To achieve a better estimate of the retinal image quality, we therefore used the same image quality metric (a) (b) (c) (d) Figure 2. Relative peripheral defocus (RPD) with and without soft contact lenses over the horizontal field of view shown separately for the four subjects (the foveal refraction of each subject is given in the upper right corner of each graph). The RPD presented here is calculated to minimize the RMS error of the wavefront. Angles are given relative to the line of sight. Six different types of correction are shown: without lens (indicated by black filled circles), monofocal contact lens (blue open circles), multifocal contact lens with a low add centre near (CN) design (green open squares), multifocal contact lens with a high add CN design (green filled squares), multifocal contact lens with a low add centre distance (CD) design (red open triangles), and multifocal contact lens with a high add CD design (red filled triangles).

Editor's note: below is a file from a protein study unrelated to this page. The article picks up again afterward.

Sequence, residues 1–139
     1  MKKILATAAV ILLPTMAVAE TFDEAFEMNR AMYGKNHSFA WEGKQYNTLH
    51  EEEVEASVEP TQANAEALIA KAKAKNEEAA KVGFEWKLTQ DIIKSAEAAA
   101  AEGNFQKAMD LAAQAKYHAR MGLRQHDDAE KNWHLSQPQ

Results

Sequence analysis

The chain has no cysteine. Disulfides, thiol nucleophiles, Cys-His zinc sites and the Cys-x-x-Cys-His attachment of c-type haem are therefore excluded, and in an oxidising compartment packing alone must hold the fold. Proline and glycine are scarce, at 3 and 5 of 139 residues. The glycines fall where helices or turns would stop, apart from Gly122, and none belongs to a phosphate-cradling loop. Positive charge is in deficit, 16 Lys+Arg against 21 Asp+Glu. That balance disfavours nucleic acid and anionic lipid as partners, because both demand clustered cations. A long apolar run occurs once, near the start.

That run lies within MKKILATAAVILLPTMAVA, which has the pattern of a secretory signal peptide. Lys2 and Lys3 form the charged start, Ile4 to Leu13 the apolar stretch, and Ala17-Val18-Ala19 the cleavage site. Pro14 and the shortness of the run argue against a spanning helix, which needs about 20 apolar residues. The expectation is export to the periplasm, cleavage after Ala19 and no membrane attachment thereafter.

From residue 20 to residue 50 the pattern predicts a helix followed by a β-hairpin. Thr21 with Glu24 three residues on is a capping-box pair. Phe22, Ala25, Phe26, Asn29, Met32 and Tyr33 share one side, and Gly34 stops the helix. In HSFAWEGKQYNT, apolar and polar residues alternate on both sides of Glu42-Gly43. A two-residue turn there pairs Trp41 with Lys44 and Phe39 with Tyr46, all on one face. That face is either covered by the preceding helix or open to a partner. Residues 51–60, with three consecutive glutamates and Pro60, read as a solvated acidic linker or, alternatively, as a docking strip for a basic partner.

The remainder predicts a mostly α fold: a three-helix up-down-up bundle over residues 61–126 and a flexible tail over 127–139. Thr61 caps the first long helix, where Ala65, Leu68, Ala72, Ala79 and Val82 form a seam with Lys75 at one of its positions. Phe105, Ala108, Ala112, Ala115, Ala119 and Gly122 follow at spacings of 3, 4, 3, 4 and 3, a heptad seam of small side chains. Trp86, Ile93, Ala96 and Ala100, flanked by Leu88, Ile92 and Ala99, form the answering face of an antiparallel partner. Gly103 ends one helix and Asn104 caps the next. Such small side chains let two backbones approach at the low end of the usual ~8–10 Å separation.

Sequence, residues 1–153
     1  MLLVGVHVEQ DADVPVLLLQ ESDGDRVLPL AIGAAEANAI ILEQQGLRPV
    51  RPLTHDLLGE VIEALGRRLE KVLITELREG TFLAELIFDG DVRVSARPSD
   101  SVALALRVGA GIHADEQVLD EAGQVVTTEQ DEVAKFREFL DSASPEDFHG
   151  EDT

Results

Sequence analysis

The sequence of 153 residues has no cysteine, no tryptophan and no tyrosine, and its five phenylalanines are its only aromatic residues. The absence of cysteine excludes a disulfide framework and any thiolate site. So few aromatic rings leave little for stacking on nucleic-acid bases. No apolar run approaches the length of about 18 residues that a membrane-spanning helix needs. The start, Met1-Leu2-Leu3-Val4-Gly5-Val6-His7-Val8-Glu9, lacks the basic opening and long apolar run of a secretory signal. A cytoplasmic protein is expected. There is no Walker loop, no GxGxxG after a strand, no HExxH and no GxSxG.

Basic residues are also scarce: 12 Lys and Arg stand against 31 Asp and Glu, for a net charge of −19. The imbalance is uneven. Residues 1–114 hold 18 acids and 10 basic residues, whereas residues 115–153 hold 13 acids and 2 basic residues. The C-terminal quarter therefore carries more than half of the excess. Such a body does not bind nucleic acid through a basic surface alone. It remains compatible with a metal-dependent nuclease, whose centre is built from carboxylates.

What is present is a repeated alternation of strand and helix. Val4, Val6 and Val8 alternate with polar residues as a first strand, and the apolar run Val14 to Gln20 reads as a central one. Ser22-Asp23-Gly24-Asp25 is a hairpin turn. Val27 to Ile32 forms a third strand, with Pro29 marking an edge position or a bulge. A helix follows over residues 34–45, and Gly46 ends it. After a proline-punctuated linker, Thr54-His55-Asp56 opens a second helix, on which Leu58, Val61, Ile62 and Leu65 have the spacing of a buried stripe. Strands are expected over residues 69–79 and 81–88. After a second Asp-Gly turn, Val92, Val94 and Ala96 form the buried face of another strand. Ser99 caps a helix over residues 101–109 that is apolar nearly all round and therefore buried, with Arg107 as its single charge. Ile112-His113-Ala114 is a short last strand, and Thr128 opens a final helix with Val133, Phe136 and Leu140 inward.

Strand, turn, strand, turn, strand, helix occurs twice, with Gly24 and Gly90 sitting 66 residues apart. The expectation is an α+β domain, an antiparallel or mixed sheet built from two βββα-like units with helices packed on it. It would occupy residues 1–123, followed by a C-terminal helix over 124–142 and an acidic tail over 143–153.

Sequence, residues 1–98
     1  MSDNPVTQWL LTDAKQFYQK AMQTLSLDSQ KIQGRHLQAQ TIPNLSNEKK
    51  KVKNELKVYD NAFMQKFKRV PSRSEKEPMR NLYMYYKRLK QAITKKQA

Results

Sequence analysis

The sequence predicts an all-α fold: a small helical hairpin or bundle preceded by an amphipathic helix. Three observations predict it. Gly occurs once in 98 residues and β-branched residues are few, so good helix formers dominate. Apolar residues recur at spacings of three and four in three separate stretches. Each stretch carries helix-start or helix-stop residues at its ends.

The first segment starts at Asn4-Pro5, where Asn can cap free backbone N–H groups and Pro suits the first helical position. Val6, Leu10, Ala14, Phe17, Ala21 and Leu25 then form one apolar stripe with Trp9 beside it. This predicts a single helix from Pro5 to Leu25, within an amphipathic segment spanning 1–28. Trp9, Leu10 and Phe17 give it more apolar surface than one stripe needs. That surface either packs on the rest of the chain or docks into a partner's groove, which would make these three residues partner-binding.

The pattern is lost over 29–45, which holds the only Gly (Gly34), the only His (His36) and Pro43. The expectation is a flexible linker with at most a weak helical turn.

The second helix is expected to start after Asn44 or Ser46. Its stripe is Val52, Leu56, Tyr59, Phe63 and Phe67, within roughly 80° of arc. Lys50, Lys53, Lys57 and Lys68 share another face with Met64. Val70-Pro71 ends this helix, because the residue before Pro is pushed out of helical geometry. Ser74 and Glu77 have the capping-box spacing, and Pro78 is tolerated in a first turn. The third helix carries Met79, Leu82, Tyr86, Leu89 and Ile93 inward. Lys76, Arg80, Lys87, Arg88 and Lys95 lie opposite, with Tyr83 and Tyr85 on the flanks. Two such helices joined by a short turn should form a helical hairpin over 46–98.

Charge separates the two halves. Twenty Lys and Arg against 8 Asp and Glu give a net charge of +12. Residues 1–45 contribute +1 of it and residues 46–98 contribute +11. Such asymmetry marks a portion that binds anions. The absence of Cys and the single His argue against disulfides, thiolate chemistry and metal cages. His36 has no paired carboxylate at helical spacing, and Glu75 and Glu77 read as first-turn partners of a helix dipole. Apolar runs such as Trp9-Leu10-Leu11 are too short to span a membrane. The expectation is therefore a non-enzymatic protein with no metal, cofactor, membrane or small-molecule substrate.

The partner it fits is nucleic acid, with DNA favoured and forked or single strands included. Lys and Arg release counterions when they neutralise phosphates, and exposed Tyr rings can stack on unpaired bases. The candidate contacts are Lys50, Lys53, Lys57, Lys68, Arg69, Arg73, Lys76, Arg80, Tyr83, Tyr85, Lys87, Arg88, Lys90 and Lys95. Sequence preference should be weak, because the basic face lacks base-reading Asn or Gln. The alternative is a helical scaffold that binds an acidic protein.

The error bars indicate the standard deviation of the four scans made by the wavefront sensor.

Ophthalmic & Physiological Optics © 2012 The College of Optometrists 4 Evaluating peripheral effect of multifocal lenses R Rosén et al.

Evaluating the peripheral optical effect of multifocal contact lenses

with the area under the MTF curve as described earlier. The lower graph of Figure 4 shows the change with lenses in area under the MTF averaged for all subjects at optimal defocus. The high add centre distance design decreased the peripheral image quality at optimal defocus, whereas the other lens designs maintained or even increased the quality at best defocus slightly. The increase was due to the negative spherical aberration induced by these lenses, which compensated for the positive spherical aberration of the eye.